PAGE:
Academic journal article American Journal of Psychotherapy

Radically Open-Dialectical Behavior Therapy for Disorders of Over-Control: Signaling Matters

Academic journal article American Journal of Psychotherapy

Radically Open-Dialectical Behavior Therapy for Disorders of Over-Control: Signaling Matters

Article excerpt


Until recently, the majority of treatment interventions targeting personality disorders (PDs), including standard dialectical behavior therapy (DBT), have tended to target borderline personality disorder (BPD)-a disorder characterized by low inhibitory control and dysregulated/impulsive behavior (see Dixon-Gordon, Turner, & Chapman, 2011 for review). In contrast, radically open-dialectical behavior therapy (RO-DBT), a new treatment approach with strong roots in standard DBT, targets a spectrum of disorders sharing similar genotypic and phenotypic features linked to excessive self-control or over-control (T. R. Lynch, in press; T. R. Lynch & Cheavens, 2008; T.R. Lynch, Hempel, & Clark, 2015; T. R. Lynch et al., 2013).

Over-control (OC) has been linked to social isolation, aloof and distant relationships, cognitive rigidity, high detail versus global processing, risk aversion, strong needs for structure, inhibited emotional expression, hyper-perfectionism, social-isolation, and the development of severe and difficult-to-treat mental health problems, such as chronic depression, anorexia nervosa, and obsessive compulsive personality disorder (Asendorpf, Denissen, & van Aken, 2008; Anderluh, Tchanturia, RabeHesketh et al., 2009; B.P.Chapman & Goldberg, 2011; A.L.Chapman, Lynch, Rosenthal, et al., 2007; Eisenberg, Fabes, Guthrie, & Reiser, 2000; Riso et al., 2003; Zucker et al., 2007). While resting on the dialectical underpinnings of standard DBT, the therapeutic strategies, core skills, and theoretical perspectives in RO-DBT often substantially differ. For example, RO-DBT contends that emotional loneliness secondary to low openness and social-signaling deficits represents the core problem of over-control, not emotion dysregulation as posited in standard DBT (Linehan, 1993). Individuals characterized by overcontrolled coping tend to be serious about life, set high personal standards, work hard, behave appropriately, and frequently will sacrifice personal needs in order to achieve desired goals or help others; yet inwardly they often feel "clueless" about how to join-in with others or establish intimate bonds. Thus, over-control works well when it comes to sitting quietly in a monastery or building a rocket; but it creates problems when it comes to social connectedness.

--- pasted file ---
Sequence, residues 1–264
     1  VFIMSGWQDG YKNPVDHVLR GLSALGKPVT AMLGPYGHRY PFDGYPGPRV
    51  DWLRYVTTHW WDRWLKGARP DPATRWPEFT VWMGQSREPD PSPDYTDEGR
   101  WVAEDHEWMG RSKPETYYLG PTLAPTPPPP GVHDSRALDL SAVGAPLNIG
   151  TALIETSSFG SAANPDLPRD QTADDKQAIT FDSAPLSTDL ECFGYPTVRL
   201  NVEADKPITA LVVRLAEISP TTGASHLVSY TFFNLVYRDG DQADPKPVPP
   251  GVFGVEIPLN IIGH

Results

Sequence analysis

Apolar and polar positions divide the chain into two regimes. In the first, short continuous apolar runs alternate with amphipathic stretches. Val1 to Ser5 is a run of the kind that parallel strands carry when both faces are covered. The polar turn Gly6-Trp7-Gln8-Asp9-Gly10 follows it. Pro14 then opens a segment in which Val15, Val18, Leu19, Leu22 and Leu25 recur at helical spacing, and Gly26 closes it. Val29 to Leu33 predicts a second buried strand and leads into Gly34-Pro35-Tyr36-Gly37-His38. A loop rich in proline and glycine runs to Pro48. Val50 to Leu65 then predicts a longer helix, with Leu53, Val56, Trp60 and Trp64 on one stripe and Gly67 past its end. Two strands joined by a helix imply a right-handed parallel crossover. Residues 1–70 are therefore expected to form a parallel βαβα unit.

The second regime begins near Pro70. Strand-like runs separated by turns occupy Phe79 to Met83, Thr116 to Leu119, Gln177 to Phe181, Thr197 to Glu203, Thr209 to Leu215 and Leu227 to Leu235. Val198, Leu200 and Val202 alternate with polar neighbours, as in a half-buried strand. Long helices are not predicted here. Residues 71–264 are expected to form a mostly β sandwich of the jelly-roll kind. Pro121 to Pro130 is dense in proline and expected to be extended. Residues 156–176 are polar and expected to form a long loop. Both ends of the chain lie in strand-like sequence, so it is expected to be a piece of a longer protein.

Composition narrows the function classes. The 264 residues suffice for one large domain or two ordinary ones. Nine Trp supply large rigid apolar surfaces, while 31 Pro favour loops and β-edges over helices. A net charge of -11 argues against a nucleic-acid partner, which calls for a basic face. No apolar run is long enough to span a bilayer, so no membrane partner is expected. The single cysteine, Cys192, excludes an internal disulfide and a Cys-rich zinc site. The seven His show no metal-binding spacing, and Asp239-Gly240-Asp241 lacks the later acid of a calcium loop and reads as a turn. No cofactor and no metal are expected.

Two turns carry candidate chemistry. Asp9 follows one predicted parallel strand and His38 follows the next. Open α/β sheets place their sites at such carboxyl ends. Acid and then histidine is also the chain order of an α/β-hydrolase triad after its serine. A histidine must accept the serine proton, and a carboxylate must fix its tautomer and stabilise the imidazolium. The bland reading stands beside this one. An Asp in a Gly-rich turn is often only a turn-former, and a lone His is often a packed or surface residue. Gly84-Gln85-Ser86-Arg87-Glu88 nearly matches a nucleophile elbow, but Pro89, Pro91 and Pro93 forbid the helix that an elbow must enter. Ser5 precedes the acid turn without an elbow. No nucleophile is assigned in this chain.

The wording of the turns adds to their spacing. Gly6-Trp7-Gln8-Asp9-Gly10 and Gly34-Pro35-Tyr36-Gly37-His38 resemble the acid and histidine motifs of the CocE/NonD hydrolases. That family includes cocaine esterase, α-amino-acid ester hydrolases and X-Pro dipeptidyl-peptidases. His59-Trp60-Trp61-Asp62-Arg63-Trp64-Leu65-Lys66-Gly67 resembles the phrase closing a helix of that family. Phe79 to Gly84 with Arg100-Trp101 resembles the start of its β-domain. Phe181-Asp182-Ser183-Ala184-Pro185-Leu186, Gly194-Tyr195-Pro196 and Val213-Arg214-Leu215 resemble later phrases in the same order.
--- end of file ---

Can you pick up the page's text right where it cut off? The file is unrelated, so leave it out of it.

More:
RO-DBT is supported by 20^ years of translational research; including two NIMH funded randomized controlled trials (RCTs) targeting refractory depression and comorbid OC personality dysfunction (T. R. Lynch et al., 2007; T. R. Lynch, Morse, Mendelson, & Robins, 2003), two opentrials targeting adult Anorexia Nervosa (Chen et al., 2014; T.R. Lynch et al., 2013), one non-randomized trial using RO-skills alone for treatment resistant adults with over-control (Keogh et al., in prep.), and a large ongoing multi-center RCT targeting refractory depression and over-controlled personality disorders (; Lynch chief investigator). The aim of this paper is to briefly outline the theoretical foundations of RO-DBT and to overview some of the unique structural or treatment strategies that differentiate the treatment from standard DBT and other treatment approaches targeting chronic and/or treatment resistant disorders.


RO-DBT posits that bio-temperamental deficits/excesses combined with cultural or family values for self-control functions to handicap openness, flexible responding, and cooperative social-signaling; resulting in habitual over-control or under-control of socio-emotional behavior (T. R. Lynch, in press; T.R. Lynch, Hempel, & Clark, 2015; T. R. Lynch et al., 2013)-sharing features with the well-established division between internalizing and externalizing disorders (Achenbach, 1966; Crijnen, Achenbach, & Verhulst, 1997). Broadly speaking self-control refers to the ability to inhibit emotional urges, impulses, and behaviors in order to pursue long-term goals. …

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